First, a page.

2001 Arrives Around The World

Much of the world welcomed 2001 with fireworks, good cheer and optimism, and even in troubled lands the hope of a better future prevailed.

Yugoslavia’s celebrations, the first since the ouster of Slobodan Milosevic, were dubbed “the first free New Year,” temple bells tolled in Japan and tens of thousands gathered for a carnival in Hong Kong.

Dance of Defiance

In Argentina, police blocked off Corrientes Avenue in Buenos Aires to create space for a New Year’s Eve tango-fest.

“What worries? I am just here to dance! Tango is one of the great wonders of Argentina,” said Alberto Pajesz.

Pakistan’s militant Muslims warned against celebrations and deployed extra soldiers to make sure no dancing took place, and authorities in Lebanon and Syria warned celebrants to leave their guns at home.

“Gunfire is an uncivilized phenomenon,” said Al-Baath, the newspaper of Syria’s ruling party. “Some people think that gunfire and fireworks reflect happiness. … They are very dangerous.”

Lebanese authorities banned firing into the air after the nation’s civil war ended in 1990. However, shooting remains a New Year’s Eve tradition.

Drummers Drumming; Jumpers Jumping

In Paris, a thousand drummers from all over Europe were recruited to beat the countdown to midnight in unison at the Georges Pompidou Center.

Fifteen parachutists from the United States, Europe and Asia leaped from the old millennium to the new as midnight chimed today, using the world’s tallest skyscrapers as a launch pad.

“What a great New Year!” cried an exuberant Ed Trick, 38, a carpenter from Petaluma, Calif., one of the nine Americans who joined in the dive from Malaysia’s Petronas Twin towers, each 1,483 feet tall.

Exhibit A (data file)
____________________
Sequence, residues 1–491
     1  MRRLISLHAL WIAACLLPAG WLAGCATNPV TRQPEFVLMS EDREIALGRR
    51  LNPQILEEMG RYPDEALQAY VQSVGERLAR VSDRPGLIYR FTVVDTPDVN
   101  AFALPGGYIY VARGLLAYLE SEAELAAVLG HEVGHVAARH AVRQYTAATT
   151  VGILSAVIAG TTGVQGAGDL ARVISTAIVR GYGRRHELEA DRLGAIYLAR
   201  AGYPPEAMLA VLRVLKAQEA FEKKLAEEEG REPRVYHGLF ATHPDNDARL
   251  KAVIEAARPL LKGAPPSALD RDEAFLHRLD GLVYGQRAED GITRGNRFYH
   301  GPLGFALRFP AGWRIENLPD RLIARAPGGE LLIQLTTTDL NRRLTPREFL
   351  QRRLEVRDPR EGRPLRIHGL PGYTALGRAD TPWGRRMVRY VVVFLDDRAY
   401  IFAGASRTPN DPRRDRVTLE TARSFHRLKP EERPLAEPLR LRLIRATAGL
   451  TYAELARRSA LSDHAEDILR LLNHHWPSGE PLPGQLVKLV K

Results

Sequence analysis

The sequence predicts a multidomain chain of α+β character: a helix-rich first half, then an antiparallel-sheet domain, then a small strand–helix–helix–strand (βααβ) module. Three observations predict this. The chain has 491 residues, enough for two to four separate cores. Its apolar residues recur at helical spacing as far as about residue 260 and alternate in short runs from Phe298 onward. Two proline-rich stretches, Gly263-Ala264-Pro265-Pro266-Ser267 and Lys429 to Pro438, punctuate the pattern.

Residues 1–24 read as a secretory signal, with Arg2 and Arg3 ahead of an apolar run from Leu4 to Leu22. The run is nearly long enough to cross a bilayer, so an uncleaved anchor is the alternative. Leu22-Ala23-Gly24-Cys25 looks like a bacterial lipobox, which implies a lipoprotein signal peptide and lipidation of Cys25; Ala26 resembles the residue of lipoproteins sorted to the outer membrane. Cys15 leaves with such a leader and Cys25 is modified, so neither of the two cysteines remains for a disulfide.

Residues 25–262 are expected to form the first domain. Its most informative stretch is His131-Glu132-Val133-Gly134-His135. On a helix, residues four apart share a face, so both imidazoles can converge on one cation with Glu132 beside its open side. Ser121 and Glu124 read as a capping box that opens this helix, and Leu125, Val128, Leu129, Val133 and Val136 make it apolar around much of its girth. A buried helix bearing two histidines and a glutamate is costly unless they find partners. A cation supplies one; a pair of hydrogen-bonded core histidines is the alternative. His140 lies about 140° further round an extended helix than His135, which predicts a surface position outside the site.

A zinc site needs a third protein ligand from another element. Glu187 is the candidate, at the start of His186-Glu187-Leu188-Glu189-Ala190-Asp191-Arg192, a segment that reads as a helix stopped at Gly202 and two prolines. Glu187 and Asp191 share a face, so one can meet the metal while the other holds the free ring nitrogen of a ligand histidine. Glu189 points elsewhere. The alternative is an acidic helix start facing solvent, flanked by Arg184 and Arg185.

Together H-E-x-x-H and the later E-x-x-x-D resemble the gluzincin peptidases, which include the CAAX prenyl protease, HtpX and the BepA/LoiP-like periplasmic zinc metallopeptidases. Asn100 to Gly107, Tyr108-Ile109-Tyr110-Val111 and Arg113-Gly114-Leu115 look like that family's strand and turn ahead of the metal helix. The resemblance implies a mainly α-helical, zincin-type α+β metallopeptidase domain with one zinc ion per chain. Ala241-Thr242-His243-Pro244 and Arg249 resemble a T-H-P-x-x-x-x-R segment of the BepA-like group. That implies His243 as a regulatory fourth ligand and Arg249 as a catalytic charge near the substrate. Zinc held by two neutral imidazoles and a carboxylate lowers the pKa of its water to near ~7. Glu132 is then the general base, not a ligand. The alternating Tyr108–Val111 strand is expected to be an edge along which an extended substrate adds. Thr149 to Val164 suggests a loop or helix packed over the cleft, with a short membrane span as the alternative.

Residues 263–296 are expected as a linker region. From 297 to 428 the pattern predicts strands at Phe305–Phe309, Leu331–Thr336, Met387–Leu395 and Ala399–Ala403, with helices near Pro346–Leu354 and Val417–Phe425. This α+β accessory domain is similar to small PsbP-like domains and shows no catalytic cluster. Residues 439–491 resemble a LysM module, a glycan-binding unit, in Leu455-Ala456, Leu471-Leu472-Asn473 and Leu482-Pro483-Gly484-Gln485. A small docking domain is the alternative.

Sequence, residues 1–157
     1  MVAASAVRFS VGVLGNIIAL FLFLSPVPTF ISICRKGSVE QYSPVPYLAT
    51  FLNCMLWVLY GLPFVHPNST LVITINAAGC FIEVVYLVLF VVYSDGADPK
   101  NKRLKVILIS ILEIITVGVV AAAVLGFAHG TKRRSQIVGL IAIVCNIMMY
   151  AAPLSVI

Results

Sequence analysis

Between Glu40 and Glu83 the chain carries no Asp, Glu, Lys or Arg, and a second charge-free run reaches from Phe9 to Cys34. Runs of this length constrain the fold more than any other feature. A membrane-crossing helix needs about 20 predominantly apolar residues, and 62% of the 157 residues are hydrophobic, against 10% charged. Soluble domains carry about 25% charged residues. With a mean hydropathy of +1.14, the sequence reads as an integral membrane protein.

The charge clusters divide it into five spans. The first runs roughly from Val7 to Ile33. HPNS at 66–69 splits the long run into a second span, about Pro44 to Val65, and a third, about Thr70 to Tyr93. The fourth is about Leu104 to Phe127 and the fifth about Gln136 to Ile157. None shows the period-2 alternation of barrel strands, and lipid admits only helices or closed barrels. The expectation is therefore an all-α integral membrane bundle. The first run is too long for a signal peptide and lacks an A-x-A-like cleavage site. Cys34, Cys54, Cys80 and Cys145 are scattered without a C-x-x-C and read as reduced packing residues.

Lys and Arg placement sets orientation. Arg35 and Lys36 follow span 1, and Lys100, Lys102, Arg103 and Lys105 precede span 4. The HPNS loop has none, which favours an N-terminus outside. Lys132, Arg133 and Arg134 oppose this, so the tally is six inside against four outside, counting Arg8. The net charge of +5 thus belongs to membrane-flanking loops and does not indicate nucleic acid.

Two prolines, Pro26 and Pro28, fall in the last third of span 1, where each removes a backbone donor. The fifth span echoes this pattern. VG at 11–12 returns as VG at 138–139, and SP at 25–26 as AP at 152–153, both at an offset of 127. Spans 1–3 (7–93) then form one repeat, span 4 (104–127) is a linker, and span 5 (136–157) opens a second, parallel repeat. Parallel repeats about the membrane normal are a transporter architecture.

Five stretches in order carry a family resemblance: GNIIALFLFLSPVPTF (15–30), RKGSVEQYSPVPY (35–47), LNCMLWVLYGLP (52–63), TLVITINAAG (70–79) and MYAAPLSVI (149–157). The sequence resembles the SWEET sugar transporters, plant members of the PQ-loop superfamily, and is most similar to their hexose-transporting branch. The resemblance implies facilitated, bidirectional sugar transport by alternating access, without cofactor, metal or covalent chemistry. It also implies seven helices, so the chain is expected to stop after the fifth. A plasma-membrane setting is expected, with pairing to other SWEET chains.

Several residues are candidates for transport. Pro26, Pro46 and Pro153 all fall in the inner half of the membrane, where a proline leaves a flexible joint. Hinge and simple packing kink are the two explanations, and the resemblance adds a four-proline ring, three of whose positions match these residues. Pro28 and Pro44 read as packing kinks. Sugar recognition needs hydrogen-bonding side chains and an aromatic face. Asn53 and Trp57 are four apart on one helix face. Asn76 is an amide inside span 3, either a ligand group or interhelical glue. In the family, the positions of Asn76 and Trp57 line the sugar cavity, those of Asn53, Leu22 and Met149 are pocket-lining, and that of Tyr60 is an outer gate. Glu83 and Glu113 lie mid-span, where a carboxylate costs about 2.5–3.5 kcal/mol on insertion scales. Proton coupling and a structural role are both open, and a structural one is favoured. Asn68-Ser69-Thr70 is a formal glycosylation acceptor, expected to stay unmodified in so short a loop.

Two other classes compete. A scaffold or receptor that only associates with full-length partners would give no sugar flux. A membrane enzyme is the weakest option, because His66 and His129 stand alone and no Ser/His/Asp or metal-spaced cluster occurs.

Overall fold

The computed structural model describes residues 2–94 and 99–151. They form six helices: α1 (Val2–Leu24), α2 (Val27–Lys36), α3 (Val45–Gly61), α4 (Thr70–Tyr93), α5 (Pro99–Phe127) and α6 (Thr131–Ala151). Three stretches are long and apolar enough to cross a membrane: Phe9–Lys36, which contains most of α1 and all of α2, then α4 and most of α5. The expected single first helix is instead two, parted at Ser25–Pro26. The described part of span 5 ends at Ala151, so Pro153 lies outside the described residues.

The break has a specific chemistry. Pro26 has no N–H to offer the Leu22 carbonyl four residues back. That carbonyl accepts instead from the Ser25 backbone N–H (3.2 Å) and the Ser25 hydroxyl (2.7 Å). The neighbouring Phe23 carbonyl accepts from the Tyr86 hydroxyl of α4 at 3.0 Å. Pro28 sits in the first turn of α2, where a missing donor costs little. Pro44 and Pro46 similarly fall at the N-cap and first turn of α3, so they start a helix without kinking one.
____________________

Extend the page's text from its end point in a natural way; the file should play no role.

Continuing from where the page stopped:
The jump started at 15 seconds before midnight, so that when they landed time had moved forward to a new millennium — at least in the view of those who insist that 2000 was the last year of the second millennium A.D.

The jumpers — claiming a world record for most people in one base jump — were helped by perfect weather, shouts of “Happy New Year!” and strains of “Auld Lang Syne” from more than 100,000 spectators below.

Omar Alhegelan, 34, who runs a parachute school in Eloy, Ariz., said jumping was the “ultimate expression of freedom.”

“As a Muslim, as someone from Saudi Arabia, I dedicate this jump to the children of Palestine and Israel, and I hope that they enjoy the same kind of freedom,” Alhegelan said.

‘A Year of Difficult Decisions’

Russians marked the holiday with gift-giving and decorating homes with images of the Santa Claus-like Dyed Moroz [Grandfather Frost] and his sidekick Snegurochka [Snow Maiden]. Christmas, an official holiday since the collapse of the Soviet Union in 1991, is celebrated on Jan. 7 on the Orthodox calendar.

“We are leaving behind another year, a year of happy and tragic events, a year of difficult decisions,” Russian President Vladimir Putin, marking the end of his first year in power, said in a statement delivered to each of Russia’s regions.

“But things which looked impossible a short time ago are becoming facts of our life. Distinct elements of stability appeared in our country, and that is valuable for politics, for economics and for every one of us,” Putin said.

Sobriety Enforced in Bangladesh

Hundreds of police patrolled the capital of Bangladesh, intent on enforcing a quiet, sober holiday. Many clubs organize New Year’s parties and young revelers go into the streets with their drinks, which is illegal.

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